April 30, 2012

Kevin Paterson is sales and marketing director at Assurant Intermediary


As financial institutions have tightened their criteria to meet Solvency II requirements, cheap and sub-prime loans have become a thing of the past. Despite financial regulation in the UK this has created an opportunity for some companies to take advantage of vulnerable people who feel they have nowhere else to turn. It appears that the truism remains that people will behave as badly as you let them. 


Last month the Office of Fair Trading launched an investigation into the practice of payday loans. MPs have this week waded into the debate and have published a report outlining their fears about the rise in these organisations.


Let me paint a picture. Payday lending is a £2bn industry in the UK today. These lenders make unsecured loans, typically in amounts less than £500 though some can go as high as £1500. There are virtually no credit or background checks involved, so loans are made to just about anyone who walks in the door.  The loans are scheduled for anywhere between 2 and 30 days, with repayment due at the end of the month on pay day – hence the term ‘payday loans.’ It’s not uncommon for interest rates on these loans to be around 2,000 percent APR, and they can go as high as a whopping 4,200%.


It is quite unbelievable that these terms and interest rates go unchecked in a country that prides itself on gold-plated regulation.


Research by the OFT carried out in 2010 shows that the average income of someone taking out a payday loan was £18,000pa with one in ten below £11,000pa. The vast majority of these individuals are between 18-30 years of age.


Payday lenders typically operate through the customer’s debit card which means that the agreement cannot be cancelled and the lender is able to take repayments directly from the customer’s account. Most operate purely by email, making it difficult to contact a representative in person.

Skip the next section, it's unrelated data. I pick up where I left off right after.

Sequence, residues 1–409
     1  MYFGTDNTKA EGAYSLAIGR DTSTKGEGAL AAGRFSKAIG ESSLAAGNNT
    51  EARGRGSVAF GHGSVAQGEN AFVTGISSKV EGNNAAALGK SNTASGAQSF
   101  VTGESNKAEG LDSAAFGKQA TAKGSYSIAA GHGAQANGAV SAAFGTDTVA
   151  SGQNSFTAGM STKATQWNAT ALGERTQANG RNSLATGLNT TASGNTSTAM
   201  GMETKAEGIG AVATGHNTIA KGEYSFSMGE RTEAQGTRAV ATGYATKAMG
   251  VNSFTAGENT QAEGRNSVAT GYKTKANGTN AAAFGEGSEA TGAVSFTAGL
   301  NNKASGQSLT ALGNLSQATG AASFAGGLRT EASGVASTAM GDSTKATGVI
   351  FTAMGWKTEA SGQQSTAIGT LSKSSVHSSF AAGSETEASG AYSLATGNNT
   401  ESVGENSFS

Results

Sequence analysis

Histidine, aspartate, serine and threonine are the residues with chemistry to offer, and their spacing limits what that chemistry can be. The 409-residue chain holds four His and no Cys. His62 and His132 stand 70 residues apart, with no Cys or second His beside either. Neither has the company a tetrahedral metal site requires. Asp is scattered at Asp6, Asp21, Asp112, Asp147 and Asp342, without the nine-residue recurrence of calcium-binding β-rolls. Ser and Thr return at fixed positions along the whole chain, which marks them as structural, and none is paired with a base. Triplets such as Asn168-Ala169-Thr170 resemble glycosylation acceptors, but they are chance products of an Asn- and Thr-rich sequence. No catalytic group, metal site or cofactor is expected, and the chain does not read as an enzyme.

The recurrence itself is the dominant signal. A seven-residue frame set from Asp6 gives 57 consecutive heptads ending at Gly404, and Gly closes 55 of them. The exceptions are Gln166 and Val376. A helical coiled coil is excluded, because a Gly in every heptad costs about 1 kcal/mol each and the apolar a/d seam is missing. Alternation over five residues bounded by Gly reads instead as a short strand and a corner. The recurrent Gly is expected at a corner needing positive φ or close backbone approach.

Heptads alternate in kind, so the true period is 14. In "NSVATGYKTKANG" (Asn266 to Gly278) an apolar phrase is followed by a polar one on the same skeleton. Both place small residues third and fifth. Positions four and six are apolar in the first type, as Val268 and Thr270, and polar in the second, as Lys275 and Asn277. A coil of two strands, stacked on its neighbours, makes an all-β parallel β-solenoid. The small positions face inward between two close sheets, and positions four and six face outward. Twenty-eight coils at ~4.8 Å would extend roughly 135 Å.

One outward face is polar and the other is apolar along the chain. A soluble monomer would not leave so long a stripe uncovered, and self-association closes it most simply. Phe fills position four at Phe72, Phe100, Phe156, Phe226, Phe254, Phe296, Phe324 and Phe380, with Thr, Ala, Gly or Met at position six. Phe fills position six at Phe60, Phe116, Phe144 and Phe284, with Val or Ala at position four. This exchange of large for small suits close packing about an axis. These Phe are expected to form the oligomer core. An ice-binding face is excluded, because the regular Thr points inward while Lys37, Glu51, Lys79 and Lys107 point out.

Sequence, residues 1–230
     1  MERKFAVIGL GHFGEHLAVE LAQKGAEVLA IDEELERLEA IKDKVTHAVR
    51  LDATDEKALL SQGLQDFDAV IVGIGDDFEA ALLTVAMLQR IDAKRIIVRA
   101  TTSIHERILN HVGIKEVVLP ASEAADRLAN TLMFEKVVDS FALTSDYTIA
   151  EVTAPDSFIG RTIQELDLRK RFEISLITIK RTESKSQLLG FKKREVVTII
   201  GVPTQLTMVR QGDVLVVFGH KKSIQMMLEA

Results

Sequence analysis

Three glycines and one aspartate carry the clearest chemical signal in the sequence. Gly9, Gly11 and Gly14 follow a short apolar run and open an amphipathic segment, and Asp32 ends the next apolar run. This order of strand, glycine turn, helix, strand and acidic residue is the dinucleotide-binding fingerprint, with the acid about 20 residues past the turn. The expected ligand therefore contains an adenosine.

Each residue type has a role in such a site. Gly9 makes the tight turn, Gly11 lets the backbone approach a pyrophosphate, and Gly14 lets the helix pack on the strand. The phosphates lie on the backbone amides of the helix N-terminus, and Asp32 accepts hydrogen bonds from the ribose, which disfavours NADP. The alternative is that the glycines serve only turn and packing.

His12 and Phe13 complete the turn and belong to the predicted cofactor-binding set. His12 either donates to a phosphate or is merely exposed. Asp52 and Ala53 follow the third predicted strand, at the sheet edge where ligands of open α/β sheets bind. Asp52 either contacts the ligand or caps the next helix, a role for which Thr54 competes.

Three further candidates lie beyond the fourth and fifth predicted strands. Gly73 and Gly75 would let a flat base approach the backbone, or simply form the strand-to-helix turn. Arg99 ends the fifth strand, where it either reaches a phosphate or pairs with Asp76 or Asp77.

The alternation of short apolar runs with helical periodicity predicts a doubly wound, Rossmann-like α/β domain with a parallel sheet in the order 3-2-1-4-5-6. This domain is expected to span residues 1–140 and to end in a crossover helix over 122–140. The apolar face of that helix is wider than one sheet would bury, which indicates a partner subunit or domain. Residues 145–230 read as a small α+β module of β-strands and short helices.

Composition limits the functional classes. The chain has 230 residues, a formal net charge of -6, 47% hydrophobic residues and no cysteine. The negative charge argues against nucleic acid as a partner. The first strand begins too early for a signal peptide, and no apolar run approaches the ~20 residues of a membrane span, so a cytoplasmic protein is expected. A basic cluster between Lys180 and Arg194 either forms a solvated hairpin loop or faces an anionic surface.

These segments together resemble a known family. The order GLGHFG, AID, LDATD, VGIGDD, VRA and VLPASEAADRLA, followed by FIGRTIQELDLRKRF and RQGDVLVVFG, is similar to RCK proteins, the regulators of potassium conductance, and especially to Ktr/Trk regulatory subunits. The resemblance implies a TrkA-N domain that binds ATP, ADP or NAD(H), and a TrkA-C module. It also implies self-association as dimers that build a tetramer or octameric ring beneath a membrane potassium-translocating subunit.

Further to a study conducted by Consumer Focus during August 2010, payday lenders in the U.S. have been a cause for concern for many years. The practice is now banned in 13 states and tightly regulated in 37 states. In Australia two of the largest states have imposed a 48% APR cap and Canada has gone a step further by making any APR above 60% illegal. The recent expansion of payday lenders into the UK has been driven by U.S.-based payday lenders, who see  light-touch regulation and a struggling economy as a huge investment opportunity. 


Tactics such as bombarding late borrowers with harassing calls or sending emails threatening penalty charges, court action and bailiffs are all too common. Punitive fines and charges rack up at a frightening rate.


These firms are filling the void left by the banks and sub-prime lender who have severely tightened their lending criteria during the recession.  They operate a numbers game and what some may describe as inadequate regulation allows these firms to operate in the financial equivalent of the Wild West, making huge profits at the expense of vulnerable borrowers.

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